Spencer Bill Bans Drug Store Cig Sales

Legislator William “Doc” Spencer, at podium, announces the passage of a law banning the sale of cigarettes and other tobacco products in pharmacies.  Photo/Office of Legislator William Spencer

Legislator William “Doc” Spencer, at podium, announces the passage of a law banning the sale of cigarettes and other tobacco products in pharmacies. Photo/Office of Legislator William Spencer

By Connor Beach
cbeach@longislandergroup.com

It will soon be a little harder to find a place to buy tobacco in Suffolk County.

The County Legislature voted this week to ban the sale of tobacco products in pharmacies. The legislation bans pharmacies from selling or offering everything from cigarettes, cigars and chewing tobacco to electronic cigarettes, vaping liquid and rolling papers. The law also applies to any retail establishment containing a pharmacy.

Legislator William “Doc” Spencer (D-Centerport) said he decided to sponsor the legislation because the negative health effects of tobacco products are “inconsistent with the mission of pharmacies.”

“Selling tobacco products- although they are legal - doesn’t make sense for pharmacies,” Spencer said. “They’re the only products that if used as directed will actually kill people.”

Spencer said that, although some might see the new law as government interfering in business, the bill received “significant bipartisan support.” Legislator Rudy Sunderman (R-Mastic) was the bill’s primary co-sponsor.

Sixteen of the 18 county legislators voted in favor of the bill, while only Legislator Steven Flotteron (R-West Islip) opposed the restriction and Legislator Leslie Kennedy (R-Hauppauge) abstained from voting.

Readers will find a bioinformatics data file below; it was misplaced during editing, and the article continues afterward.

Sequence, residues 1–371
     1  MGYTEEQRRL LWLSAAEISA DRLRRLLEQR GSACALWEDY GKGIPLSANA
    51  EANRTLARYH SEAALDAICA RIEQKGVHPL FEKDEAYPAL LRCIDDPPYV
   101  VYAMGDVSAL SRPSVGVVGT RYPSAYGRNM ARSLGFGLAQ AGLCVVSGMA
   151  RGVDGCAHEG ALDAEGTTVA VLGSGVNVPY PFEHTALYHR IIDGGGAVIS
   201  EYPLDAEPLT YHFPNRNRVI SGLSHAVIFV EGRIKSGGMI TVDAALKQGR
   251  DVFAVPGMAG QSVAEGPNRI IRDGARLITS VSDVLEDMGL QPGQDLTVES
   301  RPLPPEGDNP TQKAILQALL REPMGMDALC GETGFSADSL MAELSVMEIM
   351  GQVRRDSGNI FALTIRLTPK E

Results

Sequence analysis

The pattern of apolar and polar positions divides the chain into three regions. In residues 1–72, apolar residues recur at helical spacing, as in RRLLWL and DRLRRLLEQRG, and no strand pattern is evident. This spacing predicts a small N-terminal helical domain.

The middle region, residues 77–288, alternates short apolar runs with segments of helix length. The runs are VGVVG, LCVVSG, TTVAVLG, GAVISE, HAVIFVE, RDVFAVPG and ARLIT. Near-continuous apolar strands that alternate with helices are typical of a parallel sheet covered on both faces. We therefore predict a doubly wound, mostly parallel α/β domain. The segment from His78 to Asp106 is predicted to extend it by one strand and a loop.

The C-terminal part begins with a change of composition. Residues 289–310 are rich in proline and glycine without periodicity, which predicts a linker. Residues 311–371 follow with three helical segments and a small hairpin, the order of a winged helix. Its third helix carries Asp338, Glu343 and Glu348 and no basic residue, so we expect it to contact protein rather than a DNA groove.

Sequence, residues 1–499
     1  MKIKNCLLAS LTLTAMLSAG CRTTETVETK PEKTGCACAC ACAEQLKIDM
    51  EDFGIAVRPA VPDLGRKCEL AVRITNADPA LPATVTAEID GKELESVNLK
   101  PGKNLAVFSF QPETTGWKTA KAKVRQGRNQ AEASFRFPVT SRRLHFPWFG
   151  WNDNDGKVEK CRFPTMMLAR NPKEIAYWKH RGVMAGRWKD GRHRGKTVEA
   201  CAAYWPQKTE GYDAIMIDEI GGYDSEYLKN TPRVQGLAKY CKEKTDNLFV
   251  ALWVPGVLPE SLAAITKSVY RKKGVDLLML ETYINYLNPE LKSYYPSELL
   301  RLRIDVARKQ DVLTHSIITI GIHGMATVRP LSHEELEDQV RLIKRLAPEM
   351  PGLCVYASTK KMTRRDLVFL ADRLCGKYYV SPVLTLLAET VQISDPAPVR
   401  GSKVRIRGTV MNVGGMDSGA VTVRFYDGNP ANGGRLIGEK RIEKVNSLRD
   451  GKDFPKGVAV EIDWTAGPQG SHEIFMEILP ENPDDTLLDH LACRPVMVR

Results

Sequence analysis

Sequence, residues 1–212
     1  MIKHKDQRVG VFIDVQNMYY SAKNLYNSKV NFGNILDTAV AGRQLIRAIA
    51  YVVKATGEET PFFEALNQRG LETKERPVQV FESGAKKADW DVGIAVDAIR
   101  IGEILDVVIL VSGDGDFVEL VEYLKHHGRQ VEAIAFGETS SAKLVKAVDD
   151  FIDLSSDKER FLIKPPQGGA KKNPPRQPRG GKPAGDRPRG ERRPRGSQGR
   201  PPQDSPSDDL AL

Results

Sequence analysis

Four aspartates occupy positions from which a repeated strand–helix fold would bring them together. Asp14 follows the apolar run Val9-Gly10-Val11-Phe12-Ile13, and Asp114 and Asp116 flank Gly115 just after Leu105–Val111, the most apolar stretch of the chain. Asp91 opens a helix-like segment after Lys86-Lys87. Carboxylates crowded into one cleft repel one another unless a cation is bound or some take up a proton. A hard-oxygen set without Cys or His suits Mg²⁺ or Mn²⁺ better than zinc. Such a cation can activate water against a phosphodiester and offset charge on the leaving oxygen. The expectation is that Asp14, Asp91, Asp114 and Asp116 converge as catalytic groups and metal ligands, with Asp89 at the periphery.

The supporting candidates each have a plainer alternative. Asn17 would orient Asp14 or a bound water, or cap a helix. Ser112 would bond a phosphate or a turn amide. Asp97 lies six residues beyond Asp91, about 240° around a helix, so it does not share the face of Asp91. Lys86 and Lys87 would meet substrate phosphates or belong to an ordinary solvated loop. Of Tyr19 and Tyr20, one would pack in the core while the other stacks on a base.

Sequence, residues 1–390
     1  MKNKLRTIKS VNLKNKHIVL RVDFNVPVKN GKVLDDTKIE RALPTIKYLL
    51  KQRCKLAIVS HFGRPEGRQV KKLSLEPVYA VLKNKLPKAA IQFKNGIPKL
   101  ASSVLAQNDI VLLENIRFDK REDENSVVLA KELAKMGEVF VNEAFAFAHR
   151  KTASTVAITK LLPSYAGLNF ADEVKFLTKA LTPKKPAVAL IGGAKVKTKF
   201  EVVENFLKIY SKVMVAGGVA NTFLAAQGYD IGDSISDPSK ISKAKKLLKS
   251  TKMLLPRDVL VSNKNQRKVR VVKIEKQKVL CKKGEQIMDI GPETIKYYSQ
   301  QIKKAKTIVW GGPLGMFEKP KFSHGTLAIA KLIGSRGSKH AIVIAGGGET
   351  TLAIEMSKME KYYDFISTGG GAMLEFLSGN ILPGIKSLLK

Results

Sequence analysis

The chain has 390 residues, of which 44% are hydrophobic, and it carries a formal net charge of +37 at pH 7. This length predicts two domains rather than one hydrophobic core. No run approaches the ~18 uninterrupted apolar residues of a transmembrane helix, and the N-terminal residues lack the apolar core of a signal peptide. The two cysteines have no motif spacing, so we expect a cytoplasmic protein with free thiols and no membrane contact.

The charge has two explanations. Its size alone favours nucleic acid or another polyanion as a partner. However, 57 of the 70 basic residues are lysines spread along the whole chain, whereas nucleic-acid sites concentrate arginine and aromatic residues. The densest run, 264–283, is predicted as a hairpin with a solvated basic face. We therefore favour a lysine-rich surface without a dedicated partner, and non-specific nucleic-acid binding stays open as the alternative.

Suffolk joins Albany and Rockland counties and the five boroughs, which have adopted similar bans.

At a press conference following Tuesday’s vote, Suffolk County Board of Health member Pat Bishop-Kelly praised the effort to get tobacco out of pharmacies.

“Pharmacies are in the business of helping to make people healthier, not contribute to the causes of diseases that cost the lives of over 28,000 New Yorkers each year,” Bishop-Kelly said.

Spencer said large pharmacy chains like CVS and Wegmans already have a self-imposed ban on tobacco sales, and he didn’t think the tobacco restriction would have a substantial negative economic impact on smaller independent pharmacies.

“The numbers just don’t back that up,” Spencer said. “Most mom and pop pharmacies don’t sell cigarettes… there are very few in the county still selling tobacco.”

Pharmacies could have to clear tobacco products off the shelves as early as November, and would face a fine of up to $2,000 per violation if they don’t.

Pharmacies will be able to continue selling FDA approved nicotine products like skin patches, nicotine gum and lozenges that are designed to help people quit smoking.